Having a Master’s Degree in Rehabilitation Counseling Leads to Higher Closure Rates Among Persons With Intellectual and Developmental Disabilities From the Outcome-Based Perspective


This study compared closure rates (CR) and high-quality closure rates (HQCR) among persons with intellectual and developmental disabilities (IDD) between counselors with a master's degree in rehabilitation counseling (MRC) and those with a master's degree of related disciplines (RM). Survey data were collected from 152 counselors in four states, and their IDD clients from 2014 to 2017 were analyzed (n = 5,186). The rate differences were calculated based on multilevel logistic regression with counselors as the cluster level. The overall CR was slightly higher among counselors with MRC than those with RM (32.9% vs. 25.3%, p = .09) but significantly higher when limited to clients with less severe disabilities (35.1% in MRC vs. 25.0% in RM, p = .03). Furthermore, the differences were more pronounced in HQCR (23.5% in MRC vs. 18.2% in RM, p = .03 in all clients, and 30.7% in MRC vs. 22.5% in RM, p = .01 in clients with less severe disabilities). The difference in CR for full-time jobs (30+ hours/week) was also significant (22.0% in MRC vs. 16.0% in RM, p = .007). The counselors with MRC were more likely to be prepared for managing IDD clients than those with RM. The main advantages of MRC in knowledge domains included medical and psychological knowledge, career development and job placement, and disability management. Therefore, master-level education in rehabilitation counseling could provide more relevant training and yield better closure rates in IDD clients than other disciplines.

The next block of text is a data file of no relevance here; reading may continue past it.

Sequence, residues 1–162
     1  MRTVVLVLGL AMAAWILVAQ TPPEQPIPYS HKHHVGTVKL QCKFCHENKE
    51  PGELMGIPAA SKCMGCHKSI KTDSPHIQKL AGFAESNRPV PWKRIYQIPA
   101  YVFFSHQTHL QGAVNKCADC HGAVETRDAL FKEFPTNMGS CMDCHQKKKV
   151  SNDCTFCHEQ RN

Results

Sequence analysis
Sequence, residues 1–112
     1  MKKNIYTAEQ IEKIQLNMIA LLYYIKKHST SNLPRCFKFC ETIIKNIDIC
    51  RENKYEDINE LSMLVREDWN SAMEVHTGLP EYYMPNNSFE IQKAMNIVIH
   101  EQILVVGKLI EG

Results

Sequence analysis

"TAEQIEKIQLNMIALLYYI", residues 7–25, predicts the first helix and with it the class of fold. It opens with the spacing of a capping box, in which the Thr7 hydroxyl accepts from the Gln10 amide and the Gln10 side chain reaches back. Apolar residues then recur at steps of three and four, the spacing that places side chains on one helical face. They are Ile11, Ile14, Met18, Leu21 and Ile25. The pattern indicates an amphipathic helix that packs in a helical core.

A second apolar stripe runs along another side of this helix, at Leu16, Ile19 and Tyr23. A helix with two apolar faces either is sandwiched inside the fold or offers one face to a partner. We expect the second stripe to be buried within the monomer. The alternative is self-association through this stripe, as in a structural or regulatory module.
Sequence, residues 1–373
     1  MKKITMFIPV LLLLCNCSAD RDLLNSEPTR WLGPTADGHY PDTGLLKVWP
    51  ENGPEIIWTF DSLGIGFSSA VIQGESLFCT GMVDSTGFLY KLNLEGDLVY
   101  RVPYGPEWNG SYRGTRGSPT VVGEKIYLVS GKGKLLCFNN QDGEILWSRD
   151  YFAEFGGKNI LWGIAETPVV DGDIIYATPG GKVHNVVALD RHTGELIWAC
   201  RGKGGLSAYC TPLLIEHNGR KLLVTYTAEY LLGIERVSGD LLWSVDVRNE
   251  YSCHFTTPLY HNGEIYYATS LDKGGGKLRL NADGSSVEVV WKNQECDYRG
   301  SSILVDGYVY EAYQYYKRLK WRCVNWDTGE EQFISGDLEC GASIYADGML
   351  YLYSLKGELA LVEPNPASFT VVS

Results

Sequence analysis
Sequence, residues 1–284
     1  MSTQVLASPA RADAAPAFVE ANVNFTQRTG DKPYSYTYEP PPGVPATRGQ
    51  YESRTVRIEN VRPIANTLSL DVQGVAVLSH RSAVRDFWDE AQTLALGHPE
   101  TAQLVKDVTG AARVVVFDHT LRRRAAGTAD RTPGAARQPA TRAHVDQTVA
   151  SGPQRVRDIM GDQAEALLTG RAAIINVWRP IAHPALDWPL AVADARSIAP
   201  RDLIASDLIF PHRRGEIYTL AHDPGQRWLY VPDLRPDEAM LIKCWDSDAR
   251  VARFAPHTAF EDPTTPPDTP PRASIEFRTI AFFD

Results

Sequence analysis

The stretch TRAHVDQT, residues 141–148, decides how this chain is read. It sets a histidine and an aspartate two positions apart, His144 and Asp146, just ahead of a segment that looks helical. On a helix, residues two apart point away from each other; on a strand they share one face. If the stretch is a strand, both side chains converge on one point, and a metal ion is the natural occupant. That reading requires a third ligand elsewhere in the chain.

Publication Title

Journal of Applied Rehabilitation Counseling